That's great, but how do I refrain from complaining? That day on my way to spend time with my friend, I shifted my thought pattern of complaining to rejoicing and focused on how I got to be a blessing to her by picking up the baby carrots her family would enjoy in the stew she was making that night for dinner. I intentionally began putting on a new attitude. The first step was I recognized I was complaining in my heart about something I knew would be a huge blessing to someone else...someone else I loved and appreciated dearly.
"Do all things without grumbling or questioning" Philippians 2:14 ESV
"Show hospitality to one another without grumbling." 1 Peter 4:9 ESV
"A joyful heart is good medicine" Proverbs 17:22 ESV
After you recognize you are complaining (even if it's in your heart and not spoken out loud), you must intentionally chose to focus on the positives. Intentionality is so powerful. The Merriam-Webster's Dictionary defines intentional as: "a determination to act in a certain way: resolve." To combat complaining and negativity (no matter how small the complaints may be), you have to consciously make a firm decision to act opposite of the fleshly complaint. What's the opposite of complaining to combat that spirit that tries to oppress us? Gratitude and thankfulness.
That morning, I changed my attitude to gratitude with intentionality, determination, and resolve. I focused on the blessing I could be and not on my minor inconvenience. I reminded myself of truths in the Bible of giving with a cheerful heart and that it's better to give than to receive. I chose to think on those things.
"Finally, brothers, whatever is true, whatever is honorable, whatever is just, whatever is pure, whatever is lovely, whatever is commendable, if there is any excellence, if there is anything worthy of praise, think about these things" Philippians 4:8 ESV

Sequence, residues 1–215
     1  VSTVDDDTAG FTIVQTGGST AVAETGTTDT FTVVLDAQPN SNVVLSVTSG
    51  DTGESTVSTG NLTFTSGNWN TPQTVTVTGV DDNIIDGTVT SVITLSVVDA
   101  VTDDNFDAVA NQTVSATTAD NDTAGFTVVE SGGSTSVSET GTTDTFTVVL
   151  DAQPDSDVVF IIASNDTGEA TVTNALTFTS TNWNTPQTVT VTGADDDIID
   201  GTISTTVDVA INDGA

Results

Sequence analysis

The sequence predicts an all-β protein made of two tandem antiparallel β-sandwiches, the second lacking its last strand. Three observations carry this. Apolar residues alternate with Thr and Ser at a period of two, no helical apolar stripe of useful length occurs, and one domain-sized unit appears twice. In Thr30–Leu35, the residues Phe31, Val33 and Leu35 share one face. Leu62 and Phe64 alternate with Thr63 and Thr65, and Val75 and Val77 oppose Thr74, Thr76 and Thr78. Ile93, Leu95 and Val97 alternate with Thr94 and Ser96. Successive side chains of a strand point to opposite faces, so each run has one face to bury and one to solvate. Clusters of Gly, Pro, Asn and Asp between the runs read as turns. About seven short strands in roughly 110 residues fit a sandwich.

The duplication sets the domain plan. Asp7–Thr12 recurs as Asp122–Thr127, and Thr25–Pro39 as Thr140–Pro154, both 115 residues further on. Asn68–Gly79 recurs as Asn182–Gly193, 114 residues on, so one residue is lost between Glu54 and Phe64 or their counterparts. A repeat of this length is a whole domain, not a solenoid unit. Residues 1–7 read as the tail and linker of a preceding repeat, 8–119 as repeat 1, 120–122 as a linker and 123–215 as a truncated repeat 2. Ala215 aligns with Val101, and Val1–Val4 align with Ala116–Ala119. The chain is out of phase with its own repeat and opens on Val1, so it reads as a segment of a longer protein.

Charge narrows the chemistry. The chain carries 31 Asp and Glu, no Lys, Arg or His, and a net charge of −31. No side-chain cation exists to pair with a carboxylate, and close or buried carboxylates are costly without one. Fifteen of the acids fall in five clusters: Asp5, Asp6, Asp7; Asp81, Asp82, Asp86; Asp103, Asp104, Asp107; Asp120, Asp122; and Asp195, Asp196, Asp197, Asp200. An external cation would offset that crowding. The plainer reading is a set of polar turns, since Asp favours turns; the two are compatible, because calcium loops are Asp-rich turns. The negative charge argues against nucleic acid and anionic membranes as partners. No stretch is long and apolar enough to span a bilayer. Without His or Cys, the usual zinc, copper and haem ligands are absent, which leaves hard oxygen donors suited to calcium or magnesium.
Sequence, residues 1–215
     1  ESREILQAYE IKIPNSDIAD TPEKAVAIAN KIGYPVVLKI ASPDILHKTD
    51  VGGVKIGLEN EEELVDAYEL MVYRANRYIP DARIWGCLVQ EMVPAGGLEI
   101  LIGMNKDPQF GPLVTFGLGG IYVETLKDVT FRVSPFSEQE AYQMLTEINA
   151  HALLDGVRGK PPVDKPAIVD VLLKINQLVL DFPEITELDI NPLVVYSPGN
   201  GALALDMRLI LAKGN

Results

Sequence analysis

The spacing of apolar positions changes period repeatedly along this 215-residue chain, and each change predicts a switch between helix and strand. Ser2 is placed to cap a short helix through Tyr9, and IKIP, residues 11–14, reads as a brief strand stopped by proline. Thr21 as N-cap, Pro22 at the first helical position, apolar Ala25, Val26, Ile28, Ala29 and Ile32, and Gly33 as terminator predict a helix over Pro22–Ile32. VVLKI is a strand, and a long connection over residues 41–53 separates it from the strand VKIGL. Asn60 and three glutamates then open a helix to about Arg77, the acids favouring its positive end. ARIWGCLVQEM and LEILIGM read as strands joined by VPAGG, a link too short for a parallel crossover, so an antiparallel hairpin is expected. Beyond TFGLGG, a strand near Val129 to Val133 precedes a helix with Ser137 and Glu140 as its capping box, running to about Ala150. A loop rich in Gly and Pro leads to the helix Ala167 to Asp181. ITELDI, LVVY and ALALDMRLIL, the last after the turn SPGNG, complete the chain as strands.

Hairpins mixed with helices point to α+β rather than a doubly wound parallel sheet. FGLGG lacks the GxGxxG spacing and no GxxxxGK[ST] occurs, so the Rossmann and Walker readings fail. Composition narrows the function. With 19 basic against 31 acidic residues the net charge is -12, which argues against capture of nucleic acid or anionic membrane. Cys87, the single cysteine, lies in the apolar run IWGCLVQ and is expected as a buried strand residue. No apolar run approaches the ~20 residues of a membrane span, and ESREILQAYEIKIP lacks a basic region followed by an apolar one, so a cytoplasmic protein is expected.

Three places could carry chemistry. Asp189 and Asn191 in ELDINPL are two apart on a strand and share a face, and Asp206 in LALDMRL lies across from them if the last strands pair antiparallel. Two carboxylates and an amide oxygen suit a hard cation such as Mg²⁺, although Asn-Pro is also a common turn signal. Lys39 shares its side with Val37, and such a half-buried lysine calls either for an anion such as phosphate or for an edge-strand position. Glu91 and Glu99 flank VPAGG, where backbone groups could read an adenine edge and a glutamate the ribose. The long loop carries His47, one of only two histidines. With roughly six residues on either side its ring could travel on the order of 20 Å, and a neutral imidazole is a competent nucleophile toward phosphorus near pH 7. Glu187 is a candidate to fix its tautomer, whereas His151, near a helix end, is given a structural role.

What if we operated our thoughts like this sign: "For protection of our customers, and employees, and the property, this location [our mind] is being monitored and recorded." God is monitoring, recording and cares about your thoughts and words. Matthew 12:36 reminds us that we will give an account for every careless word that comes out of our mouth. And before a complaint comes out of your mouth, it begins as a thought. Protect your thoughts from complaints entering so they will not come out and cause damage.
It's easy to find and focus on the negative things, but when things inconvenience, frustrate or irritate you, can you flip your thoughts to find and focus on the positives? Here's a challenge for you. For 24 hours try not complaining about anything and see how that will lead to less worry, anxiety, doubt, anger, bitterness, unforgiveness and unresolved hurts. For some this 24 hours challenge will be extremely difficult because you may have years of ingrained habits of complaining about the majority of things you encounter throughout your day. Consider it a 24 hour "complaint fast" and deny your flesh this toxicity. Monitor (like the sign) the complaining thoughts for 24 hours.
Another strategy to reduce whining and complaining is, for every complaint, come up with a solution. And don't just come up with a solution...BE the solution. If you're not willing to put skin in the game, are you really qualified to complain? Something to think about.
I pray through God's grace and wisdom, you and I can turn our complaint meter into one of sincere gratitude that is infectious and contagious to all in our sphere of influence.
May this be our prayer every morning:
"Search me, God, and know my heart; test me and know my anxious thoughts. See if there is any offensive way in me, and lead me in the way everlasting." Psalm 139:23-24